The meeting offered resources on DVDs, books, and training sessions by several faculty developers that addressed items 1, 2, 6 and 9.
Participants returned to their campuses and incorporated a variety of tools such as knowledge surveys, course redesign based on Dee Fink’s model, and a number of interactive engagement techniques. During the following year, we pooled our knowledge to pursue a literature research to better address items 3, 4, 5, 7, and 8. The group also procured and read Lewis Wolpert’s The Unnatural Nature of Science, Robert Hazen and James Trefil’s Science Matters: Achieving Scientific Literacy, and James Trefil’s Why Science?
Students in Natalie Zayas' Nature of Science course at CSU Monterey Bay measure the water pH at a sampling site along Moro Cojo Slough.
We remained unsatisfied that the literature offered what we sought in operationally defining science literacy for purposes of general education. We sought to define it in terms of measurable learning outcomes that involved conceptual reasoning, and we eventually deduced twelve, the first seven of which we consider the most essential.
A graduate who is science literate should be able to:
- Articulate in her/his own words a reasonable definition for what constitutes science.
- Describe, using at least two specific examples, how science literacy is important in everyday life to an educated person.
- Explain why the attribute of doubt has value in science.
- Explain how scientists select which among several competing working hypotheses best explains a physical phenomenon.
- Explain how theory as used and understood in science differs from theory as commonly used and understood by the general public.
- Explain why peer review generally improves our quality of knowing within science.
- Explain how science uses the method of reproducible experiments to understand and explain the physical world.
- Name one assumption that underlies all science.
- Provide two examples of science and two of technology and use these to explain a central concept by which one can distinguish between science and technology.
- Cite a single major theory from one of the science disciplines and explain its historical development.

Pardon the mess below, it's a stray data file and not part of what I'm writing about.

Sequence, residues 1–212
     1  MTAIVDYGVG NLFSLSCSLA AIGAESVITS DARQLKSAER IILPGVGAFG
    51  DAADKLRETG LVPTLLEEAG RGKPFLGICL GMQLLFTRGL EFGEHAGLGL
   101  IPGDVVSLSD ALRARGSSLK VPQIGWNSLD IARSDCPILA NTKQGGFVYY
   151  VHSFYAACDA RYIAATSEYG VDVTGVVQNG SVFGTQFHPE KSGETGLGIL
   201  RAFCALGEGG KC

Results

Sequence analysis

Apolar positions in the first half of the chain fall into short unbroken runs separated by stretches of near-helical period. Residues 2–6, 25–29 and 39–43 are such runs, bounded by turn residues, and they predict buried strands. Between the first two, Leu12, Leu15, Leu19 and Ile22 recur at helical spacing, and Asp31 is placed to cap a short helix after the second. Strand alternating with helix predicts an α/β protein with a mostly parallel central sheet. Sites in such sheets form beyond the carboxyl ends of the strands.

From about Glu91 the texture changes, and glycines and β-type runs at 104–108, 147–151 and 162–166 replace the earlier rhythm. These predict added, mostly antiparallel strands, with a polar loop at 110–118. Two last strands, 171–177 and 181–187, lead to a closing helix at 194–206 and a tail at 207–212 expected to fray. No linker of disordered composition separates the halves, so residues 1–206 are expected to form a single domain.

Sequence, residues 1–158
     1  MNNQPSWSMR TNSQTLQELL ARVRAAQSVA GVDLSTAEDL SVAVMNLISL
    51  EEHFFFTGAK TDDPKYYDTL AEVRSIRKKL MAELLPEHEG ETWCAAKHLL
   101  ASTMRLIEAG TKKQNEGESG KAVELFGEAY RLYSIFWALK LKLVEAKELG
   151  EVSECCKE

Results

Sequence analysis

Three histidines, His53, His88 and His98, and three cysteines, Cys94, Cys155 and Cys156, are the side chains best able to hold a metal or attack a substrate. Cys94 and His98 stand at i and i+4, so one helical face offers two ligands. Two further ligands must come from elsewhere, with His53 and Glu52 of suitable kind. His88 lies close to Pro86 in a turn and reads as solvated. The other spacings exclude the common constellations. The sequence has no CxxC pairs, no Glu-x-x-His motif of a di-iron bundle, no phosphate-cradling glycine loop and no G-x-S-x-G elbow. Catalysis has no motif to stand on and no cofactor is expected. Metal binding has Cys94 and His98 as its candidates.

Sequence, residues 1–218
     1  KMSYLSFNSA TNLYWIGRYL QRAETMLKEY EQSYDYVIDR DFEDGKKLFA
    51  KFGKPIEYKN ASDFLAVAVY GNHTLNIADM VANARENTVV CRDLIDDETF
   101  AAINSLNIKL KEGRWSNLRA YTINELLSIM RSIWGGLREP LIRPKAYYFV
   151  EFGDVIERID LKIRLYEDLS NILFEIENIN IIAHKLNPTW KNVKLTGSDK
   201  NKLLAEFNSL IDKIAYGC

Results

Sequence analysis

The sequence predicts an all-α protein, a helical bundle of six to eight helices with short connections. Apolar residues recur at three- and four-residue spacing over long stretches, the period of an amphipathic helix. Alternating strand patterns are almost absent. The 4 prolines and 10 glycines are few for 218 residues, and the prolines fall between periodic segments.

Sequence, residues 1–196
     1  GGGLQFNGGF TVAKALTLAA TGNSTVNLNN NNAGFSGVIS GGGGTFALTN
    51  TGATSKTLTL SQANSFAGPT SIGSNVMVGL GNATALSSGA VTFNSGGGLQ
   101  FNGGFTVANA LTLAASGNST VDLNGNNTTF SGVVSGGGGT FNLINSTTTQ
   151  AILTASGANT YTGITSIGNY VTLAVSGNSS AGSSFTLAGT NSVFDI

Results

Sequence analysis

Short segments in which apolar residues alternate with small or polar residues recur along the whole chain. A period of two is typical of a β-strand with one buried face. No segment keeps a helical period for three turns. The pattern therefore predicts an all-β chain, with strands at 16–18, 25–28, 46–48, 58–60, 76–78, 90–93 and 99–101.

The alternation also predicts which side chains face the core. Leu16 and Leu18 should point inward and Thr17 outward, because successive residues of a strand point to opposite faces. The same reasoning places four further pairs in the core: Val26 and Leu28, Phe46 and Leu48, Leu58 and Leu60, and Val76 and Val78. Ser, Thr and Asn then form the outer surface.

- Explain and provide an example of modeling as used in science.
- Explain why awareness of ethics becomes increasingly important as a society becomes increasingly advanced in science.
If these outcomes truly represent conceptual thinking, then each should correspond to a clearly articulated concept of science. The correlative concepts we deduced follow, and each has correlative misconceptions that impede understanding.
- Science explains physical phenomena based upon testable information about the physical world.
- In modern life, science literacy is important to both personal and collective decisions that involve science content and reasoning.
- Doubt plays necessary roles in advancing science.
- The strongest scientific hypotheses remain as accumulating evidence supports them and fails to support weaker hypotheses.
- A theory in science rests on considerable evidence and offers a unifying explanation for observations that result from testing several hypotheses.
- Peer review generally leads to better understanding of physical phenomena than can the unquestioned conclusions of involved investigators.
- Science can test certain kinds of hypotheses through controlled experiments.
- All science rests on fundamental assumptions about the physical world.
- Science differs from technology in that science is concerned with explaining the underlying phenomena behind a technological application.
- Scientific knowledge is discovered, and scientific discovery relies upon the history of previous scientific discoveries.
- Science employs modeling as a method for understanding the physical world.
- Scientific knowledge imparts power that must be used ethically.
At this point, we had addressed our main problem of aligning teaching with a focused awareness on what we needed to address to develop science literacy along with content mastery. However, we also wanted to assess whether our efforts to develop science literacy produced any measurable changes in students.